Ben Shapiro leveraged his status as a precocious right-wing firebrand into a media empire. Shapiro is an honest seeker of objective truth that, whaddya know, completely accords with his position. Proud owner of a webpage where he disowns his previous articles of absolute truth, Shapiro replaces them with new articles of absolute truth. He recently melt
Mar 30, 2019 rated it liked it  ·  review of another edition
I am a big fan of Ben Shapiro. I listen to his podcast most days. I find him intellectually honest. He brings conservatism back to its fundamentals. In fact, I could say that I agree with him on 90% of his policy and reasoning.

This book presents an extremely important premise. Western civilization, which is built of Greek reason and Judeo-Christian values, is one of a kind. It brought us several core beliefs which eventually led to the foundation and the success of the United States. Losing thos
The author's strong opinion that every American should believe in God, or our culture is lost. Sorry, I disagree. ...more
I have little patience for someone who cites the origins of the iPhone as Western Civilization™. Yes, if you put a gun to my head and said defend this thesis or face certain death, I could probably make some convoluted argument about the history of the iPhone, tracing its origins to a barefoot old man with a Spartan beard in a musty ekklesiasterion, nested behind the walls of classical Athens. But as a stand-alone insight, it is so banal. Yawn.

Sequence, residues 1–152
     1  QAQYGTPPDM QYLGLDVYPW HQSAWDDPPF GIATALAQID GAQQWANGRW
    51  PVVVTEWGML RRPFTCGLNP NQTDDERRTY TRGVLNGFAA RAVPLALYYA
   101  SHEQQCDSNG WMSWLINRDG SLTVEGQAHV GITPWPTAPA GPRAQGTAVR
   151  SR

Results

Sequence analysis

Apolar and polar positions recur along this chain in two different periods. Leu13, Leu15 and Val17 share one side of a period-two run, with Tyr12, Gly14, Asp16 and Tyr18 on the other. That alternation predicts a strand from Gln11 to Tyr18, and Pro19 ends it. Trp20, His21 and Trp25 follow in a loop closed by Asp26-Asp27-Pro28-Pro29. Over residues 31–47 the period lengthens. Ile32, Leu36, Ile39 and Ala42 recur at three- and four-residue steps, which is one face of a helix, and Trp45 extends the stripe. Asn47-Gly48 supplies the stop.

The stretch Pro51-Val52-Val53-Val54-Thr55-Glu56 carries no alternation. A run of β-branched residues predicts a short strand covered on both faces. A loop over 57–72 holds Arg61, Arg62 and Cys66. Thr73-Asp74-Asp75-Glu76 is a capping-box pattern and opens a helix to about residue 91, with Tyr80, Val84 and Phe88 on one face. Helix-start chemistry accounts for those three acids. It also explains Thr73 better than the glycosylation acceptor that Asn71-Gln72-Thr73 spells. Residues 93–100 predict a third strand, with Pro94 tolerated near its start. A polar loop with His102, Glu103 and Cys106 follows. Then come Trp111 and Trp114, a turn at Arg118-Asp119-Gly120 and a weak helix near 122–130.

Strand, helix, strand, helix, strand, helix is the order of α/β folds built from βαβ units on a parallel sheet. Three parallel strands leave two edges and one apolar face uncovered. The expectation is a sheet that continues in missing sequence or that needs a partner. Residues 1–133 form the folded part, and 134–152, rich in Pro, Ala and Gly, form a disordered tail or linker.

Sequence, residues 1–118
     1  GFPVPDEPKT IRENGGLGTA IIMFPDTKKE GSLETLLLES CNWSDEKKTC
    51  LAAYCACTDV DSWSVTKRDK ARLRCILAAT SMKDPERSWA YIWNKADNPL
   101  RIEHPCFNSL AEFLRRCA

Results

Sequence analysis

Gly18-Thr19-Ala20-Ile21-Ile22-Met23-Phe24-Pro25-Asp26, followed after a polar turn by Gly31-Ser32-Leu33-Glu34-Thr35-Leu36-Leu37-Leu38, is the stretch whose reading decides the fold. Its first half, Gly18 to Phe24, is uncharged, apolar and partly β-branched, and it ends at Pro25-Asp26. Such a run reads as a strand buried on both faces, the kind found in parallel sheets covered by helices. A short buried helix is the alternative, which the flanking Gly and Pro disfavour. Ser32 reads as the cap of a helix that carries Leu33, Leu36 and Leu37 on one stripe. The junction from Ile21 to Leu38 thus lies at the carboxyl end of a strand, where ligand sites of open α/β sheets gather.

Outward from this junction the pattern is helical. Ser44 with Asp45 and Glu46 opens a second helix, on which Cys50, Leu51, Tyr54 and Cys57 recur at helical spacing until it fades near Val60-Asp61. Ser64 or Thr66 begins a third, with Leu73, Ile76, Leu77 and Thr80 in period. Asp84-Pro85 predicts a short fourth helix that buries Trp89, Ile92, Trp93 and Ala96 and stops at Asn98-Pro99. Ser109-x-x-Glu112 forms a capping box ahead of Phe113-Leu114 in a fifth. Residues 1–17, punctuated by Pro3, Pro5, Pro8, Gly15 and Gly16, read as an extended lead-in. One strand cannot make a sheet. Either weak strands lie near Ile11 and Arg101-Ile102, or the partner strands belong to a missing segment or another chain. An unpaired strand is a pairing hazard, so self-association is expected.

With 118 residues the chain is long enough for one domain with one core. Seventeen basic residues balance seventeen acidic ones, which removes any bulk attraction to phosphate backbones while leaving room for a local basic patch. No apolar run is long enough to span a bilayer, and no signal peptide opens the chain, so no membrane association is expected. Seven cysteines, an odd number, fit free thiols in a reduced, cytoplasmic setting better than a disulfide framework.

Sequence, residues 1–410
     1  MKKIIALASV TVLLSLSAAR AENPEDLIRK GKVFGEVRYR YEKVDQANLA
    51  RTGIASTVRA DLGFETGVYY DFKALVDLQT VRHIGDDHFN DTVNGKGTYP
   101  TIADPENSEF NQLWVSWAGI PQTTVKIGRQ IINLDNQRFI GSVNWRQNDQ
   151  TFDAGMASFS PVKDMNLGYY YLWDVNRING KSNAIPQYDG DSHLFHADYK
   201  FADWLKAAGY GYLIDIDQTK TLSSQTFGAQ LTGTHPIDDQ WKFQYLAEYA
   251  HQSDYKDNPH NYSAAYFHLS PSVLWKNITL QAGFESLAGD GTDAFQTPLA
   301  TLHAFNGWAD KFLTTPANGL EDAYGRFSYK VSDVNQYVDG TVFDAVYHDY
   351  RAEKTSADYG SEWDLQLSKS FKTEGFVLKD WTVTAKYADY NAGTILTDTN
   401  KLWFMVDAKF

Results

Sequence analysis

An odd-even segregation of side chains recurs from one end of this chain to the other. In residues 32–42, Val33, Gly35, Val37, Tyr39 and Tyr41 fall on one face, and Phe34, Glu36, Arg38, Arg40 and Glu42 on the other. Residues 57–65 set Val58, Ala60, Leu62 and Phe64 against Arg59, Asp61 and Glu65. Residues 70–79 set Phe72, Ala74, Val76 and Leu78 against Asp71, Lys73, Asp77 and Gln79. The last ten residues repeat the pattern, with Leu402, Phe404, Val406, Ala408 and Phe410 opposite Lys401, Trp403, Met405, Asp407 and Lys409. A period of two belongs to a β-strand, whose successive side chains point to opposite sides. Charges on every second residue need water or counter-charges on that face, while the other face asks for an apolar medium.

This book reminded me of Julian von Abele who rose
Michael Huang
Skippable unless you enjoy flawed reasoning.
Hai Quan
Oct 15, 2020 rated it it was ok  ·  review of another edition
Shelves: politics, history
" If you cannot explain it to a six year old, that is because you are not understand it yourself"


I can summarize this whole thick volume of scholarly dissertation into one single sentence : If happiness is your lifetime endeavour , think and act morally, as per God's instructions.

But even the above is too wordy.

How about : "You do good, you go to Heaven."

As a six year old might have blabbing, grammatically correct notwithstanding, when an adult testing his/her ability to talk.

Dec 18, 2019 rated it did not like it  ·  review of another edition
My overwhelming impression after listening to the audiobook is that Shapiro is terrified of anyone who thinks differently, or has a different experience of the world. So terrified that he has written a book to "prove them wrong".
But he doesn't even bother to investigate and understand what life is really like for women, for people who don't live in the USA, for people who deal with mental health issues, or for people with any other quality that doesn't align with being a financially-safe, white
Tyler Thomas
Mar 26, 2019 rated it it was amazing
An exceptional read!

With only 200 pages, Ben Shapiro summarizes the history of Western philosophy in a thrilling and exciting fashion that makes you want to keep reading. He masterfully boils down each philosopher to the root of their ideas, explains its impact in the culture at that time and how each new philosophy led into the the next step of history.

He makes a compelling case for what we have lost in culture and gives clear and concise steps for us to take action on that will move us as a so
Olivia Grace
Jun 07, 2020 rated it did not like it  ·  review of another edition